03/21/2017 | News release | Distributed by Public on 04/18/2017 06:57
Publish Date: 21.03.2017
Category: News from the University
The Faculty of Mathematics and Physics of the University of Ljubljana will welcome Dr Cédric Villani. word-renowned French mathematician and recipient of the Fields Medal. You are invited to attend his lecture on Friday 31 March at 10.15 AM in lecture room 2.05 at the Faculty of Mathematics and Physics of the University of Ljubljana (Jadranska 21). The lecture will be in English.
Dr Villani's lecture is entitled Henri Poincaré's Best and Worst Mistake. Henri Poincaré, the world's greatest mathematician, died over a century ago. To this day, his work, writings and universality make him one of the most prominent embodiments of the creativity of the human mind. His mistakes, on the other hand, are proof that even the greatest minds can sometimes be mistaken.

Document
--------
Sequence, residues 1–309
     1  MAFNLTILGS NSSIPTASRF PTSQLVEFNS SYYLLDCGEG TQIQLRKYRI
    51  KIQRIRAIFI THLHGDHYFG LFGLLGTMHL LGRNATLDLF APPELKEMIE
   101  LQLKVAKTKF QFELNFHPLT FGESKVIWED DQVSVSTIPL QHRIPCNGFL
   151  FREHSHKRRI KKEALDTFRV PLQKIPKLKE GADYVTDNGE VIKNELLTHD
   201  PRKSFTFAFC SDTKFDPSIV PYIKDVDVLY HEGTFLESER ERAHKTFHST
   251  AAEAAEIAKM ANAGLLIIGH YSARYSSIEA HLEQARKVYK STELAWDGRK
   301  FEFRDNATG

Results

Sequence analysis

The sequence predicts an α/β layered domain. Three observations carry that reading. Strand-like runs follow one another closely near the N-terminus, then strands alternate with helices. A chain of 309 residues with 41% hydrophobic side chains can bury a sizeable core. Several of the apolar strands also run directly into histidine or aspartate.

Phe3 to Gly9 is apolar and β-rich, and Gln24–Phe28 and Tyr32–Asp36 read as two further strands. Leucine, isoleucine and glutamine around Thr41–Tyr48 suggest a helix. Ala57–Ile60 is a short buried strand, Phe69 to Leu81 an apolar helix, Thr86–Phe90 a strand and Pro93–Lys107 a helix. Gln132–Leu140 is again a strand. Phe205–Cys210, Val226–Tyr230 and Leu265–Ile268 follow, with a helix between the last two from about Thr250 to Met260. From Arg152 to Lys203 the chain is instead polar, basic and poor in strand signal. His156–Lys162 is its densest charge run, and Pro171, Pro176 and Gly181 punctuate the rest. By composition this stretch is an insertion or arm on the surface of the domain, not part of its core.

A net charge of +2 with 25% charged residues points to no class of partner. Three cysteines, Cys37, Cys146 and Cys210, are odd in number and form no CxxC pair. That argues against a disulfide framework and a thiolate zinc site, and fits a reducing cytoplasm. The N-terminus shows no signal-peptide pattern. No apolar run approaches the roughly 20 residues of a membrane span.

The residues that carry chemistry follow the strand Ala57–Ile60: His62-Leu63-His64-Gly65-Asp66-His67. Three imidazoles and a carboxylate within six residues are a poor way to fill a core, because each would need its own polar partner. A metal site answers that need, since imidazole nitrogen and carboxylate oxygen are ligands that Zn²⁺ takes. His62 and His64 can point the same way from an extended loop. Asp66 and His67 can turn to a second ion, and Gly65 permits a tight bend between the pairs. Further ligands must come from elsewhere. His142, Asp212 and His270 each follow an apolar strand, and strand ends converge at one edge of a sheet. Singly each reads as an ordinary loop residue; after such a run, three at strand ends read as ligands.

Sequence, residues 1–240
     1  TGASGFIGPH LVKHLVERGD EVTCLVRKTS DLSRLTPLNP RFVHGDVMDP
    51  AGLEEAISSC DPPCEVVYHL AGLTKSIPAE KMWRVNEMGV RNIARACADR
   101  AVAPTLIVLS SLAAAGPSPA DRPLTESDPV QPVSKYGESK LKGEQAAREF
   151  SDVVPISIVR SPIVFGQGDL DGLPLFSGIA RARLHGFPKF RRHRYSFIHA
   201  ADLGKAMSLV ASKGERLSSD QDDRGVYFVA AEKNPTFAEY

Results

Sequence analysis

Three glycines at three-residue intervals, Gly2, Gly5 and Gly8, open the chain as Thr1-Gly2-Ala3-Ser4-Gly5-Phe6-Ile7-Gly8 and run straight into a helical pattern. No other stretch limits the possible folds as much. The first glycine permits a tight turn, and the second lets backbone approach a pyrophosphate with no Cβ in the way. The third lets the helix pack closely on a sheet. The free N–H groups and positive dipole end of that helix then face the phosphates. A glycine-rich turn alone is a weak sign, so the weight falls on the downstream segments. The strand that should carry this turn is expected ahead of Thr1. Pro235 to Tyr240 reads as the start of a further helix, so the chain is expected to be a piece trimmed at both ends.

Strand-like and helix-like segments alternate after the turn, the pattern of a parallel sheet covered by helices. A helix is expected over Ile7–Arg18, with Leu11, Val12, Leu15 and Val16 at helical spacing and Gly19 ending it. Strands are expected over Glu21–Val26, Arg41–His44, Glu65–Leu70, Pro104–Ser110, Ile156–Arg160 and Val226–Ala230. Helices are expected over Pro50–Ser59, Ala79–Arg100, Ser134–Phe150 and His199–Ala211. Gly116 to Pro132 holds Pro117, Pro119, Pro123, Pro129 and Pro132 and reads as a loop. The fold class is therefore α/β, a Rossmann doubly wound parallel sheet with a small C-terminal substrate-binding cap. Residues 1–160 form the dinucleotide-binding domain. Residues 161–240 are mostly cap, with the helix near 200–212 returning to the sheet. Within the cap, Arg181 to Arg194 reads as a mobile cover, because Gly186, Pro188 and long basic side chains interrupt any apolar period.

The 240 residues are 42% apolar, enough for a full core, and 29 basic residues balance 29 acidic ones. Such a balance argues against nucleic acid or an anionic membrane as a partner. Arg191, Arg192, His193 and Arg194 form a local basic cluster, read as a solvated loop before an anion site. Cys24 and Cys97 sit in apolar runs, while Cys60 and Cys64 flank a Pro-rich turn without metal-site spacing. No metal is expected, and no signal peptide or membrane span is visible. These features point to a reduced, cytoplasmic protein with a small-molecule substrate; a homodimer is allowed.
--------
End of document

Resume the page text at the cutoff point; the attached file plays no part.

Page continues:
Dr Cédric Villani was born in 1973 in France. He studied mathematics at the prestigious faculty École Normale Supérieure in Paris, where he then became a lecturer. He received his doctorate in 1998 from the Dauphine University of Paris. Dr Villani holds lectures around the world and is currently the director of the Henri-Poincaré Institute at the Pierre and Marie Curie University, and a professor at the Claude-Bernard-Lyon-I University. He has received numerous international accolades, among them the prestigious Fields Medal in 2010, which is awarded once every four years to mathematicians under 40 years of age by the International Congress of Mathematicians.
A passionate mathematician, he wishes to share his ardour with others, therefore he is a champion of promoting science to broad audiences; he lectures in primary and secondary schools, as well as science festivals, and he appears regularly on television shows. He has also written several broad-audience books. His Théorème vivant ('Birth of a Theorem', 2012) will soon be published in Slovene.
Photograph by Marie-Lan Nguyen (Wikimedia Commons / CC-BY 3.0).
The New Yorker Magazine dubbed Dr Cédric Villani the 'Lady Gaga of French mathematics'.